Your First Hockey Stick Dos and Don’ts

Just starting out or in ice hockey or planning to soon? Then you should follow this advice about making your first hockey stick one that works well for you. It is best to start out with an inexpensive wood hockey stick for your very first Ice Hockey Stick and it should have a basic or standard version of a blade, length and flex of the hockey stick.

Should you play with a Left handed or right handed stick? Using a right handed versus left handed hockey stick is not an automatic decision and it really comes down to which way feels more comfortable to you. One guideline is to choose a hockey stick so that your dominate hand is on top (i.e. a right handed stick for a left handed person). The best way to figure this out is to borrow one of each stick from friends, or your local hockey shop, and try them out. Choose the way that feels most comfortable to you.

Next is getting the correct length for your hockey stick. You will need a stick that is the minimum length or longer (that you will cut to the right length). See below for a good guideline for cutting your stick to the correct length. Hockey stick come in some pretty standard sizes (youth, junior, intermediate and senior sticks) and you will need to choose from this selection.

The next thing is to choose the blade pattern that you are going to use. Every manufacture has different pro hockey player names for their blade patterns but all of the stock blades will come in just a handful of patterns. You should stick with a blade pattern that his a minor curve to is to that it is easier to learn good puck control on your forehand and backhand.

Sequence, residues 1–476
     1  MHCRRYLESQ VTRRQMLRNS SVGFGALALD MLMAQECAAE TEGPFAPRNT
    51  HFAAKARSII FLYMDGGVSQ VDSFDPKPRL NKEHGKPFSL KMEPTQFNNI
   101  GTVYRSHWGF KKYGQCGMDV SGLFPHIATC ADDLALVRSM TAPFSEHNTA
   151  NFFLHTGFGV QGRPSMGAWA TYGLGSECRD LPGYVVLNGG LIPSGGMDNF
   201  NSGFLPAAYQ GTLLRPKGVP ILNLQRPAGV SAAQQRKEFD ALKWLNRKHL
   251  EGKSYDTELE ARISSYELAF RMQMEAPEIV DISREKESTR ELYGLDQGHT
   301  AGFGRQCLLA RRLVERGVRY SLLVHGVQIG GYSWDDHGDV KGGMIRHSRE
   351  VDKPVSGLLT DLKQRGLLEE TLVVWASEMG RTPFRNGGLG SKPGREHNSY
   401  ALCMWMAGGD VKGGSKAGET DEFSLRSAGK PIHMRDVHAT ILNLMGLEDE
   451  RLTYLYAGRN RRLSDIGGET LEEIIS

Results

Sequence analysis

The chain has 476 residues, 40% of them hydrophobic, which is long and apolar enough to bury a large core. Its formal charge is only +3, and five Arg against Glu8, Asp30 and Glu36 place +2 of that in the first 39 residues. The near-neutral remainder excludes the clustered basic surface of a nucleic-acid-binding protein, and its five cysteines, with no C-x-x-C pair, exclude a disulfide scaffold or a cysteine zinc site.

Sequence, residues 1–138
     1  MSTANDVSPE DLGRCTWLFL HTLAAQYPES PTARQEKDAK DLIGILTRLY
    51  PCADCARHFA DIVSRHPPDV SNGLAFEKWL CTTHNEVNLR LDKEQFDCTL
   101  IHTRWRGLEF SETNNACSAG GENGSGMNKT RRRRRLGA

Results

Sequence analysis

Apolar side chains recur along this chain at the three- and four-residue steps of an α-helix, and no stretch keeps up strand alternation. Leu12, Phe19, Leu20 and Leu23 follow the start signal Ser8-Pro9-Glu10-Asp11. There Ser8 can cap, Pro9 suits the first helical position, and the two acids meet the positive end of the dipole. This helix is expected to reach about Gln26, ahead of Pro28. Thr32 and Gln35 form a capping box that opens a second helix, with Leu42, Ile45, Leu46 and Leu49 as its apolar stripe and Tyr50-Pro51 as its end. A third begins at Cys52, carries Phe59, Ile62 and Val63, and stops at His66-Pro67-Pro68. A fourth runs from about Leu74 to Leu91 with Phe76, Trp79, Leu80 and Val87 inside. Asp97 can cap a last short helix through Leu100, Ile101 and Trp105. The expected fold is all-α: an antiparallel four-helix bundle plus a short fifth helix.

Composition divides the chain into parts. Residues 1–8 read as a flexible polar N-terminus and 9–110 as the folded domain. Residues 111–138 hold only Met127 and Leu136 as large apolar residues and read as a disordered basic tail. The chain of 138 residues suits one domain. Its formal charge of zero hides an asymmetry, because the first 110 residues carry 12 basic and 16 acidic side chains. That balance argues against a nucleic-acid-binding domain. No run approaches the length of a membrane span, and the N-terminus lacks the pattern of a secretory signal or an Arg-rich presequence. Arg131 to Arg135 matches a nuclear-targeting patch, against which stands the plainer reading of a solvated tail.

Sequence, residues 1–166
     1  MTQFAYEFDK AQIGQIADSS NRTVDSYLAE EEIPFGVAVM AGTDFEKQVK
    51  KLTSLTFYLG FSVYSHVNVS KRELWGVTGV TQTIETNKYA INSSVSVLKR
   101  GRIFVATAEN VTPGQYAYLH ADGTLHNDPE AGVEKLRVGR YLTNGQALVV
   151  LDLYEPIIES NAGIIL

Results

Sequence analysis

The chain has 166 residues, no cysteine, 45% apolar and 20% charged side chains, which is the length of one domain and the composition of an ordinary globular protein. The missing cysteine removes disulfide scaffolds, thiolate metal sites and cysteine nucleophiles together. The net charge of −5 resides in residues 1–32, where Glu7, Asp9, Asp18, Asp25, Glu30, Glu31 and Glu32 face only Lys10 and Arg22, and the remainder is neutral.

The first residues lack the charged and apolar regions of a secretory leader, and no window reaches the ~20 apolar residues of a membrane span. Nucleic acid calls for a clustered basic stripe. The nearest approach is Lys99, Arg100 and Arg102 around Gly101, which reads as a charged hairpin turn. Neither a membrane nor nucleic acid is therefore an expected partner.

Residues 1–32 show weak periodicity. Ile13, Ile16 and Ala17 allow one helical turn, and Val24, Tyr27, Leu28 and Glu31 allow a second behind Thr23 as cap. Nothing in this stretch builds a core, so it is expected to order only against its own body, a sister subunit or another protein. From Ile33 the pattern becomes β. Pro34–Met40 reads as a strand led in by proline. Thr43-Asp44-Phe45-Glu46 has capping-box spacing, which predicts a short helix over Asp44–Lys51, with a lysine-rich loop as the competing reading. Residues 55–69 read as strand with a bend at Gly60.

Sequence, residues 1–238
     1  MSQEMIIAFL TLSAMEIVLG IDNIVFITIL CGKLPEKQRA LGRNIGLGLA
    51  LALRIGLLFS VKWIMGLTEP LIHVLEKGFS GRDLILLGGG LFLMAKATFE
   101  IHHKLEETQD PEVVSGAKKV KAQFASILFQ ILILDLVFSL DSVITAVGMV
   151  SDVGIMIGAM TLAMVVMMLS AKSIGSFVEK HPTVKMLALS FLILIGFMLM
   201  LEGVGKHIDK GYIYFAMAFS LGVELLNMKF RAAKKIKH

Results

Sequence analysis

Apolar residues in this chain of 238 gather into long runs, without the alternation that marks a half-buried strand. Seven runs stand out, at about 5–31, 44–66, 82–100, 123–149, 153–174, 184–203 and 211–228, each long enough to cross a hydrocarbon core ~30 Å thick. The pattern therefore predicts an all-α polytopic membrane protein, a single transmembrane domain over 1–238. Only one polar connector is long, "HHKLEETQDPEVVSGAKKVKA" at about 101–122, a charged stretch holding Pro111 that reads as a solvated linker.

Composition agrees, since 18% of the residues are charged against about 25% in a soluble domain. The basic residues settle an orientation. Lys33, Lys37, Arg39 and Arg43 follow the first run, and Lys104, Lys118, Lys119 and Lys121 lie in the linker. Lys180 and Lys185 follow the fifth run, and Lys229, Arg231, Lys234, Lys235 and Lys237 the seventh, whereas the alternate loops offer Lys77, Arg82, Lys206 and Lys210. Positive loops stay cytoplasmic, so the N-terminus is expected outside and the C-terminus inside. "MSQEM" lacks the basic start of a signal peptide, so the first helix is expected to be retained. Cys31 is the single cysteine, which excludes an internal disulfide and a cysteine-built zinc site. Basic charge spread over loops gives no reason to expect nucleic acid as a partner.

Flex is a measurement of how flexible or stiff the hockey stick is. When you take a shot, the pressure you apply with your lower hand causes the hockey stick to bend. This bending is good when it helps accelerate your shot when the hockey stick bends or snaps back. The correct flex for you is one that is the stiffest that you can still bend when you shoot. Too much bending causes accuracy challenges. Too stiff and you don’t get any bending. Go with a “regular flex” rating (regular flex = 85 for an adult stick) for your first stick.

Now you need to cut your stick to the proper length. When you are standing in your skates, the top of the stick should be around your chin when the stick is held vertically in front of you. A fine tooth wood saw works best to cut both wood hockey sticks and composite sticks. The hockey shop where you buy your stick should be able to cut it for you.

The last step in getting your stick ready is to tape it. You need to tape your blade (from heel to toe is that way I do it) and tape a grip and knob on the top of the handle. Cloth tape is most common but friction tape (tape that is sticky on both sides) can be used on the blade for a stronger grip feel.

Okay, you should have a good first time hockey stick that you are ready to take to the rink and start playing with. When you gain some more experience you will get the chance to play with other sticks and make a decision as to what hockey characteristics are working for you and which ones you might want to change. Don’t be afraid to experiment and you should be able to find an even better stick for you the second time around.

Fred likes to play hockey and write about crafting odd hockey stick configurations like odd Hockey Blade Patterns with Warrior Hockey Shafts at HockeyStickExpert.com!

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